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Maryvale used to be the place to be. Then everything changed

Maryvale started the Valley boom. So how did it get to be what it is today?

PHOENIX — Daniel Barajas grew up down the street from the restaurant he now owns.

"It was, like, perfect," he said. "(I) went to school at Estrella Middle School for a little bit, lived here for a little bit. Went on my own, went on my journey, and came back around."

Barajas used to be a cop in Los Angeles. Now, he's a Maryvale business owner of El Cafezito, a somewhat unlikely restaurant and coffee shop.

It sits in an old strip mall near 75th Avenue and Indian School Road and specializes in crepes. Savory crepes, dessert crepes, breakfast crepes ... he has it all. 

And coffee. Being a former cop, Barajas said he sells what he knows. 

“We were looking for the kind of like, the Latin community, the Hispanic community, and what better place than here in Maryvale?" he said. 

A lot of business owners would not have picked Maryvale. The neighborhood has a reputation as having high crime rates, mid- to low-income, and little business investment. 

Barajas knew all that. And that's why he came back. 

"I just love the circle about it," he said. "And now I'm able to create something for the community here."

Maryvale was arguably the reason Phoenix boomed in the first place. In 1961, John F. Long started developing the massive community West of downtown Phoenix, marketing and selling it. 

And sell he did. At its height, Long was building seven Maryvale houses a day. Long promoted the brand-new neighborhood with a promotional film featuring movie legend Buster Keaton. 

They were cookie-cutter homes, mostly the same handful of designs with names like The Shannon and The Lexington. The Shannon sold for $10,405, about $103,000 today. 

To support his new community, Long also built a large shopping center with a grocery store and swanky restaurant called the Lantern Inn. 

Eventually, it would all change. 

A slow decline

In the 1970s and '80s, Maryvale underwent a huge change, and for a lot of reasons. 

When Long built the neighborhood, it was almost entirely white. Thanks to tradition and discriminatory housing practices that were legal at the time, most minorities lived south of US 60. 

“During the 70s and 80s, what you wind up having are a consequence of policy decisions that exacerbate ongoing social conflict," Dr. Anthony Pratcher said. Pratcher is a professor at ASU who studied the Maryvale neighborhood.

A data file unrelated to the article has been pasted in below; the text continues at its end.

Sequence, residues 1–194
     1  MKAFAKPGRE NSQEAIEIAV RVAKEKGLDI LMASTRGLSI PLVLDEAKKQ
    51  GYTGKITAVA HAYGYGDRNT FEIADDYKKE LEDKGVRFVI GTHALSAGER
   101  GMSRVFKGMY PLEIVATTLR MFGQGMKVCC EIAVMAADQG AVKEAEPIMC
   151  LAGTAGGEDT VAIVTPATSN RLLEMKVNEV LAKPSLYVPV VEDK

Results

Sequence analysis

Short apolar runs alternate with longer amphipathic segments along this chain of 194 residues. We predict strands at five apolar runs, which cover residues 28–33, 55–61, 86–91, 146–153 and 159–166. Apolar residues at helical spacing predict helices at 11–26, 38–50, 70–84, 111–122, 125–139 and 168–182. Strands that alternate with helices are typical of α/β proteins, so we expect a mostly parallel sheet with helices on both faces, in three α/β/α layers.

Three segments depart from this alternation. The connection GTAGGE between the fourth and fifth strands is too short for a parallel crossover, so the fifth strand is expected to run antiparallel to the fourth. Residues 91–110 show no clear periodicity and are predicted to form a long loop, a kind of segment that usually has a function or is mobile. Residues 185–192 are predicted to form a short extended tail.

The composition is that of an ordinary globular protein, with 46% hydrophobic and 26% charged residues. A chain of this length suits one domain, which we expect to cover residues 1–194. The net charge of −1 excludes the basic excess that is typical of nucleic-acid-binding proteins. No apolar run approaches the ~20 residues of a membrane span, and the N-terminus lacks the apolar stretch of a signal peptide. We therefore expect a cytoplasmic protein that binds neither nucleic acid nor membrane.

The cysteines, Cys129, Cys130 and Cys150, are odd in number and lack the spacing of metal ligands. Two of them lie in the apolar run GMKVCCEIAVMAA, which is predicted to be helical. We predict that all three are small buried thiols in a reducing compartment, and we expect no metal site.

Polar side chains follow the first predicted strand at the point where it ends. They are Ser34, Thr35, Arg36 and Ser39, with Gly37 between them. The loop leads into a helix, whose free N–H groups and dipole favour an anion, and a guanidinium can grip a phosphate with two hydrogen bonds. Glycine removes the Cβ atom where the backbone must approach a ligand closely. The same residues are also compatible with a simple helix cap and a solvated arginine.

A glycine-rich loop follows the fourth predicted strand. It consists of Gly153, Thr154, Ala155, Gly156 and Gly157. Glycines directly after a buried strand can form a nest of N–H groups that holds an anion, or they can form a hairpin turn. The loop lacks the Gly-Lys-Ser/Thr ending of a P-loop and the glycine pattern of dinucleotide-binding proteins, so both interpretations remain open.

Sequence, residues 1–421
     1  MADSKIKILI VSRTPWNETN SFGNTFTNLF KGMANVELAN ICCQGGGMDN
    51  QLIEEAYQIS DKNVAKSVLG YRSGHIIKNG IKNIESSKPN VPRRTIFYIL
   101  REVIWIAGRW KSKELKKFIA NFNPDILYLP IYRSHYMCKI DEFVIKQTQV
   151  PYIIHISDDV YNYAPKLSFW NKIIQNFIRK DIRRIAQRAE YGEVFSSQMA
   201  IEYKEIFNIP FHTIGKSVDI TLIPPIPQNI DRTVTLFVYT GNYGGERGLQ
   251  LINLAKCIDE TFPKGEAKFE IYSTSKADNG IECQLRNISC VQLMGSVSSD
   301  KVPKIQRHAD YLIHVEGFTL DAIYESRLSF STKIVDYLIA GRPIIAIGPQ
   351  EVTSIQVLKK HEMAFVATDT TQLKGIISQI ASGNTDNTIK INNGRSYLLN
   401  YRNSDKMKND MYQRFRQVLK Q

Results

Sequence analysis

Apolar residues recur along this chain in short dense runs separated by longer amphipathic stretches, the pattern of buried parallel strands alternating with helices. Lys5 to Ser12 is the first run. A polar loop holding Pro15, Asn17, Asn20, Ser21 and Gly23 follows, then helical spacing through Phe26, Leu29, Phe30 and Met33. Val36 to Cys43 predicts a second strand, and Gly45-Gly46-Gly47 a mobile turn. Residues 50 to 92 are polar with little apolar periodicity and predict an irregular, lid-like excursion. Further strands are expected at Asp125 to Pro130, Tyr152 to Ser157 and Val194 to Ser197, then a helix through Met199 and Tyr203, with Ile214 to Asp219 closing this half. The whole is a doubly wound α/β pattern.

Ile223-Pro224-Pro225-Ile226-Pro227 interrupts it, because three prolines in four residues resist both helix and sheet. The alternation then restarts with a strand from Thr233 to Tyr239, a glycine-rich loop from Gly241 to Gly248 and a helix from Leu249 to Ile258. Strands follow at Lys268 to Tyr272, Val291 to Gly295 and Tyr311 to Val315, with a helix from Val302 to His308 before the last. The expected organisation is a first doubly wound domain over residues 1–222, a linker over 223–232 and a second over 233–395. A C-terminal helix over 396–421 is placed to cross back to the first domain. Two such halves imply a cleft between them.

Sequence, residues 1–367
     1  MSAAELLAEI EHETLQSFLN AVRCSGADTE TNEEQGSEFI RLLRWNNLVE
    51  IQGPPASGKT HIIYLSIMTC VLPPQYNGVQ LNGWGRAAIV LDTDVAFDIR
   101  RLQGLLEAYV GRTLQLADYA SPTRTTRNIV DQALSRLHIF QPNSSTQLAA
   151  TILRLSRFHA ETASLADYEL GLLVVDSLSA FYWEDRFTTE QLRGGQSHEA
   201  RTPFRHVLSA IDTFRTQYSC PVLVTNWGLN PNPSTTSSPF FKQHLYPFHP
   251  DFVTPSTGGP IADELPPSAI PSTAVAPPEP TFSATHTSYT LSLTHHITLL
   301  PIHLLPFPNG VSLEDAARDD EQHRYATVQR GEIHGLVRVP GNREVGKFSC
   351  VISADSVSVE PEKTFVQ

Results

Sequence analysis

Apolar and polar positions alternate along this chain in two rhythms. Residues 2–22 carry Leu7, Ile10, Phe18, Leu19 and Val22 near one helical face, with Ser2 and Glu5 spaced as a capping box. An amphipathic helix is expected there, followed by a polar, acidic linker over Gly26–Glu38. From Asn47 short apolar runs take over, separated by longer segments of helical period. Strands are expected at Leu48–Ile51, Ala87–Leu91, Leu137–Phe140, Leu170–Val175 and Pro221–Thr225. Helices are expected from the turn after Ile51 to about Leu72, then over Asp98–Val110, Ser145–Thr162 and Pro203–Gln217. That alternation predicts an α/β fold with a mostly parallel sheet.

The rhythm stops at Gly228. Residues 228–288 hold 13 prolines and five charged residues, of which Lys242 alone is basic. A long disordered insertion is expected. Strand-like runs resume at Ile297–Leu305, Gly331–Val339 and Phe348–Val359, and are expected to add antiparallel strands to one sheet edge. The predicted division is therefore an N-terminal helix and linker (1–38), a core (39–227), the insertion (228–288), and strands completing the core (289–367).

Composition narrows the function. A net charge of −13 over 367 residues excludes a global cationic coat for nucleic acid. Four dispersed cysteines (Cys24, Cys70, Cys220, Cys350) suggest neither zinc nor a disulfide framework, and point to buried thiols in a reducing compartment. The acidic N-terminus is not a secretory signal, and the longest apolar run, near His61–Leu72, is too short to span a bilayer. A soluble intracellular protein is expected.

Pratcher said there was concern over a possible cancer cluster in Maryvale, which may or may not have existed depending on which government agency you ask. That led to some people moving out of the neighborhood. 

The Savings and Loan crisis in the 1980s hit the area hard, he said, and foreclosures went up. More people left.

And the City of Phoenix condemned what is known as the Golden Gate Barrio, the area just West of Sky Harbor airport, to make way for airport expansion. Pratcheer said the people who lived there had to go somewhere – and Maryvale was close and available. 

All of that resulted in a community that was mostly white becoming 76% Hispanic, according to the latest available Census numbers. 

"You just have a continued disinvestment which winds up having a really negative reputation as a neighborhood," Pratcher said.

Pratcher calls the effect "benign neglect." Business development slowed, poverty increased, and crime increased as well. According to an ASU study on Maryvale, so did juvenile delinquency and gangs. the study said crime started going down when Phoenix police began targeted enforcement. 

But the reputation remained. 

Phoenix City Councilwoman Betty Guardado moved to Maryvale because it reminded her of her old neighborhood in South Central LA. 

Guardado said she believes the neighborhood can get its reputation back, but only with help. 

"I think it takes work," she said, sitting at a table at El Cafezito. "We can, and I am hopeful."

"We see crime and stuff like that," Barajas said. "We can complain about it, but what can we do to kind of help it out and fix it?”

For Barajas, that's El Cafezito. Bringing his optimism back to the neighborhood that could surely use some. 


In our “Boomtown” series, 12News takes a look at the Valley’s explosive growth over the past few decades, the consequences that came with it and a look at what it all means for our future as more than 1.5 million people are expected to move to the Valley by 2040.

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